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Susan Pinkney

 E: research@cafonline.org

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Over a month into lockdown, has people’s outlook shifted?

  
1 May 2020
  
On 6 April, just as we were starting to get used to lockdown, I wrote an update on giving by individuals across the UK. Fast forward almost a month and, for better or for worse, most of us are now into some semblance of a routine. But has this ‘new normal’ changed how we feel and, crucially, how do we think we will give to charity?

I noted then that a key challenge to people giving money to charity was that the British were  really worried about their household finances, with 4 in 10 (42%) telling us that they had less disposable income and that they were hunkering down to look after their finances.

This clearly posed a threat to charitable giving. But newer research from Savanta conducted on 16 April 16 showed a slight improvement in this sentiment to 38% of people reporting that they had less disposable income as a result of the crisis, whilst 12% had seen their disposable income rise. This means that while about two in five people reported a decrease, it is of some consolation that this number has dipped slightly as the UK settled in to lockdown.

Giving to charity

Another point I made in early April was around the number of people who said they would give either more or less to charity as a result of Covid-19. In late March when we conducted CAF polling with YouGov, we found that 22% said they would give more and 14% would give less as a result of the crisis over the next 3 months.

Again, as things have settled down, when we repeated the questions with YouGov from 20 – 23 April, that number increased to 26% who said they would give more and the number who said they would give less had dropped to 11%. This is an early positive sign of a shift in a good direction and something we will continue to monitor and report on.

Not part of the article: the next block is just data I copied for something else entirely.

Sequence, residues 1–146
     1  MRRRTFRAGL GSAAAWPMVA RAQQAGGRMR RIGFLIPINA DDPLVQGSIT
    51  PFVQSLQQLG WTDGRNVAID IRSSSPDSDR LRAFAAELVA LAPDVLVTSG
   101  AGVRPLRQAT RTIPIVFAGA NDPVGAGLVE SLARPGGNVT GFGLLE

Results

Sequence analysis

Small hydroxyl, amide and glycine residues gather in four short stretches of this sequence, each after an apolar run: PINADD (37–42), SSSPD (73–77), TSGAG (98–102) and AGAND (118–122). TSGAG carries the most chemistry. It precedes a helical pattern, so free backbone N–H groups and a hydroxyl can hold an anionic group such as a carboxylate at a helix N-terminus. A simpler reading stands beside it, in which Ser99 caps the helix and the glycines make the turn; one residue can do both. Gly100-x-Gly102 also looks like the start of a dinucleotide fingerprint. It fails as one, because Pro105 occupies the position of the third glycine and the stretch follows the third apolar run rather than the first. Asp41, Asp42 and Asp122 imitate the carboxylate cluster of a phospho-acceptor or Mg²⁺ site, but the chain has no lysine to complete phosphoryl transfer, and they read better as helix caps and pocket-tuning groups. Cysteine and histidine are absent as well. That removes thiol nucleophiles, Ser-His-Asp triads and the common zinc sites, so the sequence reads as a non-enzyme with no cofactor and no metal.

Popular causes

In our latest research, we also repeated the questions on what types of charities people would be likely to give to as a result of the crisis in the next 3 months. We still see that NHS charities come out high at 40%, a similar level to the 42% recorded in March. Both local and national charities have seen an increase since March, from 34% to 41% and from 23% to 28% respectively. This suggests that people are starting to widen their net of cause areas to give to as the crisis continues.

Interestingly, when we asked a new question on whether people had already given to those cause areas – rather than gauging intentions - as a result of the crisis, 7% said they had for both the NHS and national charities, with 6% for local charities.

International giving

Where there is particular concern is around the number of people intending to give to international charities, which hasn’t moved since March (14% vs 13% in March). International causes also recorded the lowest level of support for people who said they had already given to overseas efforts, at just 3%.

As the crisis moves into a new phase in the UK in the coming weeks, we may see people’s focus shift beyond our borders to other parts of the world grappling with the pandemic – but for now with Covid-19 still very much on our own doorstep - this has yet to happen.

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